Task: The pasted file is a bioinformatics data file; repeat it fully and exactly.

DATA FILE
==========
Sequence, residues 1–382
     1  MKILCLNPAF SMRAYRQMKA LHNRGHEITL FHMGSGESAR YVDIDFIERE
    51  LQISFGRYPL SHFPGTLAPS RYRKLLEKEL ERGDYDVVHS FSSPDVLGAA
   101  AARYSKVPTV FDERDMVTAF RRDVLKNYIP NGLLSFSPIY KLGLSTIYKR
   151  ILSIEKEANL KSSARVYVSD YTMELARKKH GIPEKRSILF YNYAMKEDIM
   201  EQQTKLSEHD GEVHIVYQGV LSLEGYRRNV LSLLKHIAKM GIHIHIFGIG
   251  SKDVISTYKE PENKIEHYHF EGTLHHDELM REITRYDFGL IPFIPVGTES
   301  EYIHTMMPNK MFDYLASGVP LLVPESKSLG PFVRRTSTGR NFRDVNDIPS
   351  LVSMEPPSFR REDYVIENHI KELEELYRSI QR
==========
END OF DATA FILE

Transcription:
Sequence, residues 1–382
     1  MKILCLNPAF SMRAYRQMKA LHNRGHEITL FHMGSGESAR YVDIDFIERE
    51  LQISFGRYPL SHFPGTLAPS RYRKLLEKEL ERGDYDVVHS FSSPDVLGAA
   101  AARYSKVPTV FDERDMVTAF RRDVLKNYIP NGLLSFSPIY KLGLSTIYKR
   151  ILSIEKEANL KSSARVYVSD YTMELARKKH GIPEKRSILF YNYAMKEDIM
   201  EQQTKLSEHD GEVHIVYQGV LSLEGYRRNV LSLLKHIAKM GIHIHIFGIG
   251  SKDVISTYKE PENKIEHYHF EGTLHHDELM REITRYDFGL IPFIPVGTES
   301  EYIHTMMPNK MFDYLASGVP LLVPESKSLG PFVRRTSTGR NFRDVNDIPS
   351  LVSMEPPSFR REDYVIENHI KELEELYRSI QR